Among the top New Year’s resolutions are pledges about weight loss and exercise, so it is no surprise that when January rolls around we are besieged with gym and health-food advertisements. Ironically, as awareness of unhealthy transfats and the American obesity pandemic grows along with our waistlines, the fast food restaurants that have been guilty of clogging our arteries for years are now tooting their healthy-choices horn louder than ever. This makes sense from a marketing standpoint. People want healthier options, so it’s smart to truthfully highlight the healthier menu items. What doesn’t make sense is when a popular fast food chain tries to convince a nation that their “Drive-Thru Diet” is a weight loss secret. (more…)

Making the Online Video Boom Work for PR, Branding

Thursday, October 15th, 2009

Getting Visual

Getting Visual

Posted by Krista Rogers

You can run but you can’t hide. The online video boom is here and it is not going to go away. And it is a great thing. Online video presents an incredible platform for public relations practitioners to help their clients or organizations improve communication and tell stories in new and imaginative ways. But the question is, “How?”

Earlier this month I participated in the PRSA teleseminar: Tapping into the Online Video Boom hosted by Mike McDougall, APR Vice President of Corporate Communications & Public Affairs at Bausch & Lomb that answered the questions so many companies are wrestling with.

Mike said online video should be an essential part of any corporate communicator’s toolkit. He really put the value of online video into perspective. It is no longer limited to channels such as YouTube or traditional broadcast media. It is becoming a cheap and effective tool that can be integrated into all of your communication tactics.

To quantify just how much impact online video has on internet users in the United States, here are some numbers from the results from a January 2009 Comscore report:

  • Over 147 million U.S. Internet users viewed an average of 101 videos each in January (more than three a day!).
  • 76.8 percent of the total U.S. Internet audience viewed online video.
  • The average online video viewer watched 356 minutes of video in January, (approximately 6 hours), up 15 percent versus December.
  • 100.9 million viewers watched 6.3 billion videos on YouTube.com (62.6 videos per viewer).
  • 54.1 million viewers watched 473 million videos on MySpace.com (8.7 videos per viewer).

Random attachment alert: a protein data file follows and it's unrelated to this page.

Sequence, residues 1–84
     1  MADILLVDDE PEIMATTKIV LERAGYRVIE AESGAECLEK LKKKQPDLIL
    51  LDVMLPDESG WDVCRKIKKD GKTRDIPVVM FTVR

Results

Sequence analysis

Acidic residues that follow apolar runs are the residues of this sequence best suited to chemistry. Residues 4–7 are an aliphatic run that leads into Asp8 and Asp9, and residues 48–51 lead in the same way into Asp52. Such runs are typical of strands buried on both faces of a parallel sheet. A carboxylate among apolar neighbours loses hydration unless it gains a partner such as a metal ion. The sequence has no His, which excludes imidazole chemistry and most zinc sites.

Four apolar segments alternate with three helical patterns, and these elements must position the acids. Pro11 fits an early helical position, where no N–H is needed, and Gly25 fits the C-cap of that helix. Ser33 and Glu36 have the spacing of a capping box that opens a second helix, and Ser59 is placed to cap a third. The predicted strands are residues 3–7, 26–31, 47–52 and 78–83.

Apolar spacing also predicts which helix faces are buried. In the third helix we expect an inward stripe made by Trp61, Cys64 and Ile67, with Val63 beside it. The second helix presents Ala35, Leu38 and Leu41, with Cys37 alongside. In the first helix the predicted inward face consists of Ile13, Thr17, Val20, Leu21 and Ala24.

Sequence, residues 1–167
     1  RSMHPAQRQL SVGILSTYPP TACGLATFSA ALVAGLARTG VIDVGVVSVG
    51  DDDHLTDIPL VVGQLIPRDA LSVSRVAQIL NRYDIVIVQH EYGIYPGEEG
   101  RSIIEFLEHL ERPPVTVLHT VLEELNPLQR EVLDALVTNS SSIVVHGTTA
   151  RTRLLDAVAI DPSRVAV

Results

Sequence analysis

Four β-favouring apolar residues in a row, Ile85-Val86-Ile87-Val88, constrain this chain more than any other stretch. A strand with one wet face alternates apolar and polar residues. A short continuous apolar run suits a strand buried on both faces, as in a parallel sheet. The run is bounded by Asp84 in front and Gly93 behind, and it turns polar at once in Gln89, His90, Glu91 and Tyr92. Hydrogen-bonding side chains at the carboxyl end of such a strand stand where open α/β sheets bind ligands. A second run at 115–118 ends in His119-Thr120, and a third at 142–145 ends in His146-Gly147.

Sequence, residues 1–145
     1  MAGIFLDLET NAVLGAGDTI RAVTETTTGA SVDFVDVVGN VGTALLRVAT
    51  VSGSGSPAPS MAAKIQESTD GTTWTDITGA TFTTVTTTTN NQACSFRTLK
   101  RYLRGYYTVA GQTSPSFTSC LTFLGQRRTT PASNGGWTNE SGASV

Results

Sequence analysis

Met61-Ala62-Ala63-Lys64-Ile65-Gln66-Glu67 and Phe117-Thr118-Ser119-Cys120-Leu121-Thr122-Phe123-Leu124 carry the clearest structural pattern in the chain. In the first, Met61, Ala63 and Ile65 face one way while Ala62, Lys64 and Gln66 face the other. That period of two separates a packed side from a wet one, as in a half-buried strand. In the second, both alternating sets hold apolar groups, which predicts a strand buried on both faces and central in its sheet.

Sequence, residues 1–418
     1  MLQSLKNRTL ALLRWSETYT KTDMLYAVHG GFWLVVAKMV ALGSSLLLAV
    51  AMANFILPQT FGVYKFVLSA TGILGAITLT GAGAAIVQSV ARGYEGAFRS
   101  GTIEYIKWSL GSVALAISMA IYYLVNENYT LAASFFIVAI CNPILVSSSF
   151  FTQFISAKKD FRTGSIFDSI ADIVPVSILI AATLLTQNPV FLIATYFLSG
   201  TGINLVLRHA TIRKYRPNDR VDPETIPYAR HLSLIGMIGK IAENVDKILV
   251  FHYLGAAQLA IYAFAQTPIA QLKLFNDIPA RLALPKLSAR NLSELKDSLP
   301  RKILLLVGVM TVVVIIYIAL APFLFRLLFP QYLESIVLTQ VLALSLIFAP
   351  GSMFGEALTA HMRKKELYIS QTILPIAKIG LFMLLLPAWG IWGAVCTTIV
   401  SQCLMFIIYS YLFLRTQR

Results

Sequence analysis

• The duration of the average online video was 3.5 minutes, up from 3.2 minutes per video in December.

Mike was kind enough to share his ideas for using online video to show off an organization’s attributes, all within a strategic plan. Here are his top tips with a little Gable PR insights as well.

ELEVEN ONLINE VIDEO TIPS

  1. Let your spokespeople speak! Be casual and non-slick.
  2. Show your lighter side. Be careful though, there is a caveat; don’t make it too light. Make sure the video is appropriate to the company’s personality and culture.
  3. Show what is special. What could you use to increase internal morale or external interest? Talk about how many patents you have? Secret ingredients in your hotel’s recipes? Brilliant engineering in your medical device? Special relics in your museum? You can even interview someone who has been with the company for many years and share that with the world!
  4. Become an expert. Share your knowledge! (Check out Gable PR’s Guru ™ Program)
  5. Dust off the archives. People like to reminisce and witness a company’s evolution and vitality.
  6. Tap the unexpected. Are people using your product in a different or creative way? Build on that!
  7. Make the complex simple. Let video explain the complex.
  8. Supplement a news release with a video clip or link to a YouTube video to further explain your points and add personality to the organization.
  9. Turn your blog into a vlog (video log). Share your opinions, ideas, etc. through a vlog instead of a blog to better engage viewers and enhance your point.
  10. Celebrate global efforts if they exist. Use personalities and experiences from other countries. Highlight it and show it off.
  11. Highlight success. Milestones are a cause for celebration and an opportunity to say, “Hey! Look at us!”

One of the greatest aspects of the online video boom is the bang you can get for your buck. Grab an HD Still Camera for $130 that will have video and be up and vlogging in no time. Need an event documented at your European headquarters in Germany? Don’t send over a whole crew. FedEx a $130 camera and have the footage uploaded in an hour (or have them buy it there if the price is right).

YouTube experts blogged about three factors that contributed to driving an overall growth of 1700 percent in uploads in the last six months: new video-enabled phones on the market, improvement of the upload flow and a new, streamlined process to share videos on social networks. The new technology creates accessibility that allows for endless opportunities for anyone to jump on board and use online video to their advantage. And it’s a must-have addition to almost every PR communications tool kit.